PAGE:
That includes its relationship with the Healthcare and Public Health Information Sharing and Analysis Center (NH-ISAC), which works to improve the resilience of the nation’s critical infrastructure against physical and cyber security threats.

Led by the healthcare industry, NH-ISAC is recognized by such entities as the U.S. Department of Health and Human Services, Health Sector-Coordinating Council, U.S. Department of Homeland Security, National Institute of Standards & Technology, as well as law enforcement agencies.

“Internally, we seek to engage physical, social media relations and other groups that are ‘listening’ for different types of information about the company but could offer insight on things that have a cybersecurity impact,” Chaney says.

The company has an Intelligence and Trending group within its Security Operations Center, whose sole responsibility is to gather intelligence sources and determine how incoming data might apply to Johnson & Johnson’s environment.

“They also maintain the necessary business partner relationships so that we have good points of contact to feed any information we may gather that may have an impact to them,” Chaney says. “By sharing information, it is our intention to become more precise about the threat actors attacking our company, so that we are not always responding to things but able to act proactively and protect ourselves.”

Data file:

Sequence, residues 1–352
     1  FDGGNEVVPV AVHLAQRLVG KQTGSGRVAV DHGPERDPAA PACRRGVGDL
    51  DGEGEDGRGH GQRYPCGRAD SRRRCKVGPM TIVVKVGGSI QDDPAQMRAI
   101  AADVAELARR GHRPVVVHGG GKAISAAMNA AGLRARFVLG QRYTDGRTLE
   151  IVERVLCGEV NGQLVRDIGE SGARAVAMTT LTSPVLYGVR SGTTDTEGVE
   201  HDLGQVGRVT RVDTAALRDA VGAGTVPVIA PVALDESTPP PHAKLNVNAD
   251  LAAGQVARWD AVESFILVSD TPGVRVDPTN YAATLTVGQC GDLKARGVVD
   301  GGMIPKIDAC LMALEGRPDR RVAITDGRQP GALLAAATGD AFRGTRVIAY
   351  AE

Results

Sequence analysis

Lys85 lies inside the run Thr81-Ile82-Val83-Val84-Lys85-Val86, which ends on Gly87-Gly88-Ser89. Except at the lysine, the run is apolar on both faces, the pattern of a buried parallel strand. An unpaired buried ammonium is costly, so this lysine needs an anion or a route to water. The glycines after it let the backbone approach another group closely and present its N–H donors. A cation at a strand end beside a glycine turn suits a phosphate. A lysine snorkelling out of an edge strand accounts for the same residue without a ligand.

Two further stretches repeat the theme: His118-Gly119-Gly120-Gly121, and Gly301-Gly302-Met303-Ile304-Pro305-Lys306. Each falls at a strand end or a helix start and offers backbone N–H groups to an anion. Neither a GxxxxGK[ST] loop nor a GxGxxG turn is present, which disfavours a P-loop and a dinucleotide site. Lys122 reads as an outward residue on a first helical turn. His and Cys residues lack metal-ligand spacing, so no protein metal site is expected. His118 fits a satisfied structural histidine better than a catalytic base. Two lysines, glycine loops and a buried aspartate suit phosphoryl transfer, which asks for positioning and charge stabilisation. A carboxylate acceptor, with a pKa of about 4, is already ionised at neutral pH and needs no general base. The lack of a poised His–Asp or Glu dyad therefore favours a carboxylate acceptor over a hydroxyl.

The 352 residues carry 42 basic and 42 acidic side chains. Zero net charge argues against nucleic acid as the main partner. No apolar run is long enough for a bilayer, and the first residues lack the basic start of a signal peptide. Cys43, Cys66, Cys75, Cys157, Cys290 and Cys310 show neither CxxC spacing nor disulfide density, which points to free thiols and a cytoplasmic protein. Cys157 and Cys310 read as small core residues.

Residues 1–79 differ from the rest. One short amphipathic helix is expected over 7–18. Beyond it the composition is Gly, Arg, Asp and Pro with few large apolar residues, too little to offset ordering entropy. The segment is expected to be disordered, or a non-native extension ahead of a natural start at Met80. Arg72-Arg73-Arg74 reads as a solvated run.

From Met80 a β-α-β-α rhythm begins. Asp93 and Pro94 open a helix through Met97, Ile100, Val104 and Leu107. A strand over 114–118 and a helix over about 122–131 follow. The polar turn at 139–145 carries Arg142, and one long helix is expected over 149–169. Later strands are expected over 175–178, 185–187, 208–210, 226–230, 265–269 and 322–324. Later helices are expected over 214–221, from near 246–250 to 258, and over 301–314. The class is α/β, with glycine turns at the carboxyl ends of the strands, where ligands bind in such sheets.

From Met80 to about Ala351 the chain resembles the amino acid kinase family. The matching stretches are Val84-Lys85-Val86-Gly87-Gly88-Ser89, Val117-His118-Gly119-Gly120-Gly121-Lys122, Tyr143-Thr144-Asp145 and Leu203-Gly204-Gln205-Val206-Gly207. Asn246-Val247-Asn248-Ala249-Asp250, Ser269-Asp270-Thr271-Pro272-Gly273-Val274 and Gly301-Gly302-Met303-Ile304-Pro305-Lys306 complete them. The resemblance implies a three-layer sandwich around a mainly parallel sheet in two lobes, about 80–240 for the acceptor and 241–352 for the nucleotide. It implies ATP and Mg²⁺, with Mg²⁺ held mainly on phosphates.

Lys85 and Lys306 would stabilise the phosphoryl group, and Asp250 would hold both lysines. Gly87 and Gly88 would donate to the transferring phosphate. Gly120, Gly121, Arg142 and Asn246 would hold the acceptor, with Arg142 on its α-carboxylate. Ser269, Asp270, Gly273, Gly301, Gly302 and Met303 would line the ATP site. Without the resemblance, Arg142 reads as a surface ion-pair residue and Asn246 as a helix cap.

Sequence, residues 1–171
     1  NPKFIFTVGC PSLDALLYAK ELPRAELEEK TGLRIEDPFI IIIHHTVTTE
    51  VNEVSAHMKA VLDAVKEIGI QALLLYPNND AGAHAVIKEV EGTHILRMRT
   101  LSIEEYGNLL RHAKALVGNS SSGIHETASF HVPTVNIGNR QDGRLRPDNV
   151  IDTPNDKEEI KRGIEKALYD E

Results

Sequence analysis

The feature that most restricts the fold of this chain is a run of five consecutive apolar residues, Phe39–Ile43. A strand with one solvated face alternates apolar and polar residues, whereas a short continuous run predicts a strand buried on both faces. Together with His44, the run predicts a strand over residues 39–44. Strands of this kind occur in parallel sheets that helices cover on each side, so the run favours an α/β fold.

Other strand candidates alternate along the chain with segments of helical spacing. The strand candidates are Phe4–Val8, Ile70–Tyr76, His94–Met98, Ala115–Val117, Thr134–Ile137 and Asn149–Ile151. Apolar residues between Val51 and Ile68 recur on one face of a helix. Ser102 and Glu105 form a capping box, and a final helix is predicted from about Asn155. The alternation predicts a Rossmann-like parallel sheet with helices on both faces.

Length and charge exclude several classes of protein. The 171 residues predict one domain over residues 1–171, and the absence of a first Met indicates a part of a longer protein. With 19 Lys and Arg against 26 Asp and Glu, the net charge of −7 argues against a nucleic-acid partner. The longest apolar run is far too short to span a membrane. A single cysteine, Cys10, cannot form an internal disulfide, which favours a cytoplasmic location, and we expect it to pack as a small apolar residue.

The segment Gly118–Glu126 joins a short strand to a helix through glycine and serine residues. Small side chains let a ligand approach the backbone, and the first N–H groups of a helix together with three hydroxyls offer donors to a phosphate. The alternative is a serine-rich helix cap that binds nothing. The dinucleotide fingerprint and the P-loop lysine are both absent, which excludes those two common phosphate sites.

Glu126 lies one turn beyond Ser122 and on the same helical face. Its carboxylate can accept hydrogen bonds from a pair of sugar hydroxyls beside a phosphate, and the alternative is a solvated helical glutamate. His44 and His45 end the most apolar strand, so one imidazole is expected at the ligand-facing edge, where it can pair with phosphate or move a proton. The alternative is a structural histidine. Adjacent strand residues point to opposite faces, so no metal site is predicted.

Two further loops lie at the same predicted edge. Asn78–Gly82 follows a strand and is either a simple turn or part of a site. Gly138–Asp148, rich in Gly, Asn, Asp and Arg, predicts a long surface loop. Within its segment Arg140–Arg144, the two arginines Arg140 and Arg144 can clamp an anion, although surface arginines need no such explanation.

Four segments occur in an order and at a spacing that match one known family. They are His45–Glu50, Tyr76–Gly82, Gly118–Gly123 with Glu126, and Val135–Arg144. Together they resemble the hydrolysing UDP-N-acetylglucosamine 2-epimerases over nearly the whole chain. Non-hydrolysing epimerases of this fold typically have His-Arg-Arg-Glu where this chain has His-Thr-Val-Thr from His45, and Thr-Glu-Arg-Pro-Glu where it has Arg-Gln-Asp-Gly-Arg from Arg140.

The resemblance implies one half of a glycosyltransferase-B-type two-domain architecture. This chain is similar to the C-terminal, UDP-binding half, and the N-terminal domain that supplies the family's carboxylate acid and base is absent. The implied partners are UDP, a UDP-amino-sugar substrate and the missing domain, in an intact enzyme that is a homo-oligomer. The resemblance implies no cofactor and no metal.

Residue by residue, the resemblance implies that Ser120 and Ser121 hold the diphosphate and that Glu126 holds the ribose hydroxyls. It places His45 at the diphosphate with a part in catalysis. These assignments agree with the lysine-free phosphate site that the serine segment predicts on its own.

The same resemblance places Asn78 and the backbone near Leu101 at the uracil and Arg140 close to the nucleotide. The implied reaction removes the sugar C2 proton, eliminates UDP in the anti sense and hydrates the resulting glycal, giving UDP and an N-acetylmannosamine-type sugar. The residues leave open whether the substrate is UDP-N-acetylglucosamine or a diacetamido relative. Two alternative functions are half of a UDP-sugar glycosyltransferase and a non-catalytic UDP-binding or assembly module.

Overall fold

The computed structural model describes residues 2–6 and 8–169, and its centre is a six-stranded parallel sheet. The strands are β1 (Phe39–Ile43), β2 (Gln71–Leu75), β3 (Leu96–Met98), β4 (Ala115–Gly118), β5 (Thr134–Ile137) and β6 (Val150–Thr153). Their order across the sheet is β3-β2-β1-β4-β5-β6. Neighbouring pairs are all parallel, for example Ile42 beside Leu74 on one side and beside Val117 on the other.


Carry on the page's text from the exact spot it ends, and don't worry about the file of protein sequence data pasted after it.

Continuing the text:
In addition, through trending, Johnson & Johnson is able to define patterns that are detrimentally affecting its environment. “We produce intelligence briefs that we share with our broader IT audience and then work with security awareness and communications to provide tips to our end users,” Chaney says. “Sharing intelligence information, internally and externally, is a continuous loop, and the more you devote time to digesting and understanding the information, the greater the rewards to your overall security effort.”